Projection 201: It's All My Fault!
Because no one is entirely responsible for their problems
Posted Nov 02, 2011
In a recent post, Projection 101: The Devil Made Me Do It, I explored the idea that human beings have a tendency to get rid of felt-to-be bad aspects of ourselves and attribute them to others. Several readers responded, but what if I always blame myself? This is a less popular but still all-too-familiar unconscious procedure. Oddly enough, blaming ourselves keeps us just as stuck from changing as does blaming the other guy. Here's how it works.
If you blame yourself for everything that goes wrong, you have a misconception of what is happening. No one is entirely responsible for their problems. Problems in life are a mix of good and bad, the result of multiple influences, and the contribution of many players. Put simply, most problems in life are co-created. Yes, we each have a hand in them, but that does not mean they are entirely our fault.
So, when we blame ourselves entirely, we are engaged in another process: splitting. Splitting goes hand-in-hand with projection. We see ourselves and others as either all-good or all-bad. Through the unconscious processes of splitting and projection, we get rid of half of the story and put it into someone else. In the case of "it's all my fault," we hold on to the bad stuff and identify ourselves entirely with it. That means that we actually get rid of the good stuff and put it into someone else. Strange that we would do such a thing.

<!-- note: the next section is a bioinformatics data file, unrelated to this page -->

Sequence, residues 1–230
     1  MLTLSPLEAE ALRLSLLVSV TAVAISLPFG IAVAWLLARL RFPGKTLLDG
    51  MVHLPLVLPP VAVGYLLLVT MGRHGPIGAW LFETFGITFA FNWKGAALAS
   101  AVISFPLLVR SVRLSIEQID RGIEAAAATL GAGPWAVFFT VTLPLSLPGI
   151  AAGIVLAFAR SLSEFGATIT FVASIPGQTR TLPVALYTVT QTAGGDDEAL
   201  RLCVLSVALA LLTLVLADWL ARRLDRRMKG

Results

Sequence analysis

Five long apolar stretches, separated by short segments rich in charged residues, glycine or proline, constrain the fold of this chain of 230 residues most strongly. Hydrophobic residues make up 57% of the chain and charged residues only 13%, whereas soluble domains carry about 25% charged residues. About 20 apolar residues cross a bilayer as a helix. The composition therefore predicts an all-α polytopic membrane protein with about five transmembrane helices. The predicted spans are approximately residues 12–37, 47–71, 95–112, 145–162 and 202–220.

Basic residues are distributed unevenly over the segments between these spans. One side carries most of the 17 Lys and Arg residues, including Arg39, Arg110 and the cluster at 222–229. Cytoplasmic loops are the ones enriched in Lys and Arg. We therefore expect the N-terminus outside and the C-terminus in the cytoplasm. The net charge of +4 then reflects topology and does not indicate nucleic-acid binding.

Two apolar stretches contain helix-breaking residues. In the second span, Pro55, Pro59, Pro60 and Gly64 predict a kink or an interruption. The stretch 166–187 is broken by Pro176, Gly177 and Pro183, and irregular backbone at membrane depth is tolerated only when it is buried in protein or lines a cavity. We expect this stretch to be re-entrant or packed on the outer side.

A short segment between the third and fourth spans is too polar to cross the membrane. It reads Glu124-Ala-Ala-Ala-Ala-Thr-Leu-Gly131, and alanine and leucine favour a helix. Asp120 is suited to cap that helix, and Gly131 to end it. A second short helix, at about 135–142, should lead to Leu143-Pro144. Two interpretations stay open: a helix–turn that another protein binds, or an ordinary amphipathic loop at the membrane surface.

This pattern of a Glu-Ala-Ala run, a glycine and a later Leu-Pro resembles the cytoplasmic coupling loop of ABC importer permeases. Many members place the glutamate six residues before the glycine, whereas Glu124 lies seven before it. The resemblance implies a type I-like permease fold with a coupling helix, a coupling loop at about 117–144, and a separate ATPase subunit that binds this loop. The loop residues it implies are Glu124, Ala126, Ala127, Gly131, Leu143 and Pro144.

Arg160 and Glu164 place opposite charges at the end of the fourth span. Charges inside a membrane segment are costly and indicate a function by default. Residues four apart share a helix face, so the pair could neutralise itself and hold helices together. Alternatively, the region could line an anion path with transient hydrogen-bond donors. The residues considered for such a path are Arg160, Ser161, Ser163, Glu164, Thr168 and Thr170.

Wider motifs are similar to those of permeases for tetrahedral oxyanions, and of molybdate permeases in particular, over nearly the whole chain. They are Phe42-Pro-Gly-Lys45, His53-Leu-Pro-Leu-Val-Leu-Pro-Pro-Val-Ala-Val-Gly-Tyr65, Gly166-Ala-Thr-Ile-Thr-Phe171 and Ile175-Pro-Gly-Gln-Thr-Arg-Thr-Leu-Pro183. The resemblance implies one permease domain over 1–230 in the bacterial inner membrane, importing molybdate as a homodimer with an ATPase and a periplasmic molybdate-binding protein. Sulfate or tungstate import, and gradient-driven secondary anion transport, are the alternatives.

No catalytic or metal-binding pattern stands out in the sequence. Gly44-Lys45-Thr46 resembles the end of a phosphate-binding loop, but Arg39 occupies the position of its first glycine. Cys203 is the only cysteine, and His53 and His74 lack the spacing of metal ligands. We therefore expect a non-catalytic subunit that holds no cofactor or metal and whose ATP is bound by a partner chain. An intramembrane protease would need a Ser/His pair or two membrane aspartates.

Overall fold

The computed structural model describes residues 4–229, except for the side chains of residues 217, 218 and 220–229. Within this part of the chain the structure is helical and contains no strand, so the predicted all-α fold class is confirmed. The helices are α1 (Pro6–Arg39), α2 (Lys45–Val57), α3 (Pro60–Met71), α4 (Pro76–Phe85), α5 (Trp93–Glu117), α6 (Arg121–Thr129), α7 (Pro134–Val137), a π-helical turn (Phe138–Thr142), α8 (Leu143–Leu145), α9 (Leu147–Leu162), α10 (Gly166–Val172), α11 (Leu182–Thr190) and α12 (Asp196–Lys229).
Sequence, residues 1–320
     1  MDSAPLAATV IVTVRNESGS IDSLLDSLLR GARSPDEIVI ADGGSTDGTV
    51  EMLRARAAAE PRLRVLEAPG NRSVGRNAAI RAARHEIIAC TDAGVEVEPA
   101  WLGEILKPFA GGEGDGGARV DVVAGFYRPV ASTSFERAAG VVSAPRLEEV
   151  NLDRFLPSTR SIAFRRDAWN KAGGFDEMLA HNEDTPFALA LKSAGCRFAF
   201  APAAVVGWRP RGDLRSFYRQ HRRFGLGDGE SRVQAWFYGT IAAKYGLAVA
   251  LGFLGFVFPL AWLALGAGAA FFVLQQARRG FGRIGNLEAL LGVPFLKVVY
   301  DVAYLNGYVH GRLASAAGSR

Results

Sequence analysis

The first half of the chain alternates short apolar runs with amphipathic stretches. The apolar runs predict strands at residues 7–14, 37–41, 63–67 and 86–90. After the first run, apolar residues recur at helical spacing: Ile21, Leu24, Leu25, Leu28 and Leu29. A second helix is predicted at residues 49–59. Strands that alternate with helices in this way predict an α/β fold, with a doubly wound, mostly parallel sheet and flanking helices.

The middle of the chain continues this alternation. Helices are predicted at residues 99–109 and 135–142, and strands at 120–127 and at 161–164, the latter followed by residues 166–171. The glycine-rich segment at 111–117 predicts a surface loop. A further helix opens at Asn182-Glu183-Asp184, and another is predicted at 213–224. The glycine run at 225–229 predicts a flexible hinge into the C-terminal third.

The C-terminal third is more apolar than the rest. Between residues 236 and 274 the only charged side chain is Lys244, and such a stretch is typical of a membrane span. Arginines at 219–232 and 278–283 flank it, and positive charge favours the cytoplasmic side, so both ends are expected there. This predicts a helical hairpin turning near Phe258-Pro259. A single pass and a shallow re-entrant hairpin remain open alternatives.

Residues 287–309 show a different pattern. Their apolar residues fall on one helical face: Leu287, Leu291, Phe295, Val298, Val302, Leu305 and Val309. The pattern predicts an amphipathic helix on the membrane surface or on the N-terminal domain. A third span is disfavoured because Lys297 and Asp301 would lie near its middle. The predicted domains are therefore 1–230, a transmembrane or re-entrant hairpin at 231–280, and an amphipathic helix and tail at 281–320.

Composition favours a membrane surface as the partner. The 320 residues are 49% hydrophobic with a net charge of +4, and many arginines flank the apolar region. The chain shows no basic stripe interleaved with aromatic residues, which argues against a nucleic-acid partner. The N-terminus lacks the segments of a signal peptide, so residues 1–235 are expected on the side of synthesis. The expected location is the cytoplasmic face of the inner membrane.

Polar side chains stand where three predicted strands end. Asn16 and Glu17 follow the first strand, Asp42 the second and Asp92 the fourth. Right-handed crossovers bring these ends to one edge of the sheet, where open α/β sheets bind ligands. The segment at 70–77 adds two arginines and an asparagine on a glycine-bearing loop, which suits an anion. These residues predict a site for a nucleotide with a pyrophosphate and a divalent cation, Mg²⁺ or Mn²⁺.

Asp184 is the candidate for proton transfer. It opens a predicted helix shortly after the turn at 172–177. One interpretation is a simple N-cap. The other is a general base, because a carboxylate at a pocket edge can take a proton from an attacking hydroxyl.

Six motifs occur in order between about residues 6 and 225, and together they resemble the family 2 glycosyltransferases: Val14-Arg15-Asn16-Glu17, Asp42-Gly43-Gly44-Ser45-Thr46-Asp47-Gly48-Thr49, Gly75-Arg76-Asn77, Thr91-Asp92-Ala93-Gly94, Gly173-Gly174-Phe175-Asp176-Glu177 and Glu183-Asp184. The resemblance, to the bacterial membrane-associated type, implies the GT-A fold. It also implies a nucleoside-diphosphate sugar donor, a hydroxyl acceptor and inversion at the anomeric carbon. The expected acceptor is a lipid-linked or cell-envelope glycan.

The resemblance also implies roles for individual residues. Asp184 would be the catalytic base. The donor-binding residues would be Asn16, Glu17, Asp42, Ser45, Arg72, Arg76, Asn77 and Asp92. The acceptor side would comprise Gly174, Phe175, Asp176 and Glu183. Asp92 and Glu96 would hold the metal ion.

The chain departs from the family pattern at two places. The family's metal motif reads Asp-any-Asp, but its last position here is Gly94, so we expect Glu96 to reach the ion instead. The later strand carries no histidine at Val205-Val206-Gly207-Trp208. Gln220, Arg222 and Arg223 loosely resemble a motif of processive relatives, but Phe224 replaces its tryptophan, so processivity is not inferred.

Why would we project the good stuff and leave ourselves feeling all-bad? Well, that question requires an answer far too complex for a 600 word blog post! But, one of the reasons we might do such a thing is that it is a very clever protection from change. And, as I have explored in previous posts, we human beings have a great fear of change and a great investment in maintaining the status quo—even if we feel miserable.
You see, if we view ourselves as all-bad, we believe we have nothing good to work with. In our distorted view of ourselves, we don't have any good stuff inside that we could draw on—nothing that could help us get up, dust ourselves off, and go about the essential work of making repair. If we believe we have nothing good inside, we remain collapsed in a dung heap of self-hatred. It is a very tricky—and very unconscious—protection from taking responsibility for our contribution to our troubles and doing something constructive about it.
Copyright 2011 Jennifer L. Kunst, Ph.D.
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